For example, in my case, I only have one aunt. My father was an only child and my mother had just one sister. I would use the second one. My wife's mother, on the other hand, had seven siblings and her father had two. It took me years to get all the aunts and uncles straight; I still have not met a few of them. If she were trying to communicate which of the ten or so aunts she meant, she would use the first sentence. Do we ask grammar checkers to first search our family trees?

 

In fact, even that automatic spell checking feature is hardly foolproof. Yes, I appreciate the spell checker when it changes teh to the. But I am an English teacher, so sometimes I type out passages in older English which use the word thee. It gets annoying to have the automatic checker change thee to the! In that case, it is not being helpful!

 

There are many other difficulties as well, but this gives you an idea of some of the challenges of creating a computerized proofreader. Sure, spell checkers and grammar checkers make the job easier, but good publishers and printing companies still hire human proofreaders to complete the job.

 

Part 2—Grammar Affects Meaning

 

Grammar affects meaning. The reason is simple. Grammar is essential for communication. All languages have grammar rules, whether they are formal rules or informal patterns. If the basic rules are not followed, we are unable to communicate.

 

In a real sense words + grammar = communication.

 

When a correspondent wrote us back then if we knew of a grammar program that automatically corrected grammar errors, we replied, "Such a program will not exist until they develop software that reads minds."

 

Here is a simple example we encountered recently. A writer typed experiences shows for the subject and verb in a sentence. A grammar checker rightly identified this as a problem; the subject does not match the verb. Most grammar checkers can detect that error most of the time.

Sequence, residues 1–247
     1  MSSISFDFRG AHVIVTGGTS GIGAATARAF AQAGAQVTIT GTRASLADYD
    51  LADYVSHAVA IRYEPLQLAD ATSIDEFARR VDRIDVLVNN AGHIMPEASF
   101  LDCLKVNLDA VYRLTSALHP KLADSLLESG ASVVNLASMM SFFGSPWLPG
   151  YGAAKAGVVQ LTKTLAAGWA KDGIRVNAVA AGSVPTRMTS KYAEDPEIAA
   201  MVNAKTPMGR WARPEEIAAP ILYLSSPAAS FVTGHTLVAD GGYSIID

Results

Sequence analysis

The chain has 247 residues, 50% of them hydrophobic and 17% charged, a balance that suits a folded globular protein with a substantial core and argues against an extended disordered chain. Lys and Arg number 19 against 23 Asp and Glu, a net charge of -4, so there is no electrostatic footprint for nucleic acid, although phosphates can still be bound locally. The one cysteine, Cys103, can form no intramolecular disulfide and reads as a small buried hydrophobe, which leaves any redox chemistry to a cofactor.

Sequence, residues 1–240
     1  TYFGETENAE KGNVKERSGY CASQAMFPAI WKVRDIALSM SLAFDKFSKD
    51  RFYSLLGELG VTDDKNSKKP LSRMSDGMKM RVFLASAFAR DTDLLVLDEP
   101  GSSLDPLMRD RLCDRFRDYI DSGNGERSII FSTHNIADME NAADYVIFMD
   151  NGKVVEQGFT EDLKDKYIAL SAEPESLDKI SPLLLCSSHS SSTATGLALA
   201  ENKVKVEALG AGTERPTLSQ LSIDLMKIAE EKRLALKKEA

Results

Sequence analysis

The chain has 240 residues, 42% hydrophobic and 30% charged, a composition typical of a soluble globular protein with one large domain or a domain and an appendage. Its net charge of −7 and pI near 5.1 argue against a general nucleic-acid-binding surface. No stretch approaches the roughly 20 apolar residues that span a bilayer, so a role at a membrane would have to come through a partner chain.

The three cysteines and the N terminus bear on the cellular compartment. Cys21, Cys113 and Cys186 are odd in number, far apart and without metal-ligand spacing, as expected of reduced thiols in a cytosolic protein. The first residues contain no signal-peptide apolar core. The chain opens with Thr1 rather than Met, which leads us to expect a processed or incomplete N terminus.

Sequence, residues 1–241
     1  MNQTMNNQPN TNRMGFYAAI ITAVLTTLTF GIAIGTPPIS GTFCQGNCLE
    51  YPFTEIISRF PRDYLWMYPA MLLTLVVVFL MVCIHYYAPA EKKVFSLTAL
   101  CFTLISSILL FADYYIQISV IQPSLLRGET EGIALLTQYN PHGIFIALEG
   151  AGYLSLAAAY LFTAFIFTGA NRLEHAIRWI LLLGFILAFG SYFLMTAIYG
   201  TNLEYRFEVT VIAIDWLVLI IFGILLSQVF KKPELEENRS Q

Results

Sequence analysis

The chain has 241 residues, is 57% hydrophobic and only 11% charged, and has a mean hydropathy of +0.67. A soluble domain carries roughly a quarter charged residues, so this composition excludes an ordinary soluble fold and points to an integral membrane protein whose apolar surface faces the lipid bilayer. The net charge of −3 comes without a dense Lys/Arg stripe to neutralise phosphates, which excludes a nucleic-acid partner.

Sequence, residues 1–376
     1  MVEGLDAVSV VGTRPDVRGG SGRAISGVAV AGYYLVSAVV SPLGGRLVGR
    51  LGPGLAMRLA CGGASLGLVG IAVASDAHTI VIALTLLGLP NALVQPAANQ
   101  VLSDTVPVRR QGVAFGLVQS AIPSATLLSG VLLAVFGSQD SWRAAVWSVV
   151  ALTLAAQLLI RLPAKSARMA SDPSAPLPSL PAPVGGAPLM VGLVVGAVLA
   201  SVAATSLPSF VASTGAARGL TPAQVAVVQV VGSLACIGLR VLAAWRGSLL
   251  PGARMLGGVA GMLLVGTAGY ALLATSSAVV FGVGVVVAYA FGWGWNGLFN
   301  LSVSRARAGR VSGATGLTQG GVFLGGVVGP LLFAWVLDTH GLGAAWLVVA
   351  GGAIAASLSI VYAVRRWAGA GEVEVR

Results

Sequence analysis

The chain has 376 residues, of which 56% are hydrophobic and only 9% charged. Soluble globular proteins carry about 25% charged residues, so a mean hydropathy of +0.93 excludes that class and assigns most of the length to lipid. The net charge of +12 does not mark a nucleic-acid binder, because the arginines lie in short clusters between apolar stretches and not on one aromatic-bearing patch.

Why can’t someone simply add a feature so the grammar checker automatically corrects the mistake?

 

It is not that simple.

 

What does the writer intend? Does the writer want to make the subject singular or plural? Is the sentence supposed to say experiences show or experience shows? Both would be grammatically acceptable, but what is the writer's intent? Only the writer knows. A computer program doesn't. Even another person doesn't. So until we create mind-reading software, grammar checkers will continue to ask questions.

 

Part 3--What can grammar checkers really do for you?

 

At English Plus+ we probably get more questions asking about grammar checkers than anything else. Grammar checkers are useful tools. We at English Plus+ normally use one when we write anything we think might be important. At the request of users and our main commercial vendor, we have made a simple grammar checker ourselves. However, grammar checkers are limited. They are, in fact, more limited than spell checkers. The limitations have nothing to do with technology or software. The limitations are caused by the nature of grammar itself.

 

Grammar vs. Spelling


Grammar is much more complicated than spelling. Spelling is a matter of recognizing the order of letters in a word. A word either has the right letter pattern or it does not. Now there are some complications with spelling--some words have the same pronunciation but different spelling. Still, a good spell checker gives you several options to choose from. Some will even ask you about words that are commonly confused, like complement and compliment.

 

If you are really stuck, for example, and are not sure which "compliment" word is the one you need, you can check a dictionary or look it up in Grammar Slammer Deluxe which lists nearly 1200 commonly confused words. Checking spelling with a computer is really pretty simple. Grammar Slammer Deluxe makes it as convenient as possible.

 

Grammar is different. Grammar involves meaning and intent. We are all familiar with people who do not speak whatever our native language may be and are learning our language. They may put the right words together but what they say either makes no sense or is spoken in a way that no native would say it. That is because language is more than stringing words together; it is expressing thoughts by arranging words grammatically. And that grammar is unique in each language.